We deny Ms. Kraemer's motion to proceed in forma pauperis on appeal. We remind her that she is obligated to pay her filing fee in full. We also deny Fox Hills and Vial's joint motion for damages and costs pursuant to Fed. R. App. P. 38. Our denial of their Rule 38 motion is without prejudice to Fox Hills and Vial seeking costs in accordance with Fed. R. App. P. 39.

Entered for the Court


1.   Because Ms. Kraemer is proceeding pro se, we liberally construe the arguments in her appellate briefs, but we do not act as her advocate. See Yang v. Archuleta, 525 F.3d 925, 927 n.1 (10th Cir. 2008).

2.   We also note that any appeal of the district court's disposition on the merits of Ms. Kraemer's claims is untimely. The district court entered judgment on the merits on April 8, 2016. Ms. Kraemer's time to appeal from that judgment expired on June 6, 2016 (thirty days after May 5, 2016, when the district court denied her timely-filed motion under Fed. R. Civ. P. 59(e)). See Fed. R. App. P. 4(a)(1)(A), (a)(4)(iv). Accordingly, Ms. Kraemer's notice of appeal filed on September 12, 2016 is untimely as to the merits judgment. This provides an additional jurisdictional basis not to reach any of Ms. Kraemer's arguments that relate to merits issues. See Bowles v. Russell, 551 U.S. 205, 213 (2007) (“[T]he timely filing of a notice of appeal in a civil case is a jurisdictional requirement.”).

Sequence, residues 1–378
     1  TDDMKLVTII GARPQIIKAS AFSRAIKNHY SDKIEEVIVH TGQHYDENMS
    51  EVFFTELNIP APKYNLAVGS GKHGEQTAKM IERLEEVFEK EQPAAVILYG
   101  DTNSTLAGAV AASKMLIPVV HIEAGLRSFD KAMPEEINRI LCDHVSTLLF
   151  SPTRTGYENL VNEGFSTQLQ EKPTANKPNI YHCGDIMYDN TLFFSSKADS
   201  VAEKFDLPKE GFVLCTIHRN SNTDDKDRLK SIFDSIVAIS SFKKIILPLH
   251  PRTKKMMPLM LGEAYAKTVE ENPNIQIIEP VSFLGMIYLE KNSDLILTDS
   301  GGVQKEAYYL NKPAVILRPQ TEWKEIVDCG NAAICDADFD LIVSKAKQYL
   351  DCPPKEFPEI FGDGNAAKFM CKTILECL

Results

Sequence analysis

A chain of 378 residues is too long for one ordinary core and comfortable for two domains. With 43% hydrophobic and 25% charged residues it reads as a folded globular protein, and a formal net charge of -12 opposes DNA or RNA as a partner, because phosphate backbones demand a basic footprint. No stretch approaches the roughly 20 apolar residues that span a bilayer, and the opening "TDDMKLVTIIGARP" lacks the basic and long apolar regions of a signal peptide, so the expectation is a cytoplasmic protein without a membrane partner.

3.   In its order granting Vial's motion for reconsideration and awarding fees, the district court explained that it was “incorporate[ing] herein the factual findings and legal standards for awarding and substantiating attorneys' fees, as set forth in its previous order.” R., Vol. 3 at 205

4.   The district court initially selected counsel for Ms. Kraemer, but that attorney subsequently declined the appointment. Ms. Kraemer ultimately proceeded pro se throughout the district court proceedings.

5.   The district court noted in its initial order on fees that Ms. Kraemer's “conduct has been particularly egregious as directed toward Defendant Vial Fotheringham.” R., Vol. 3 at 120.

Monroe G. McKay Circuit Judge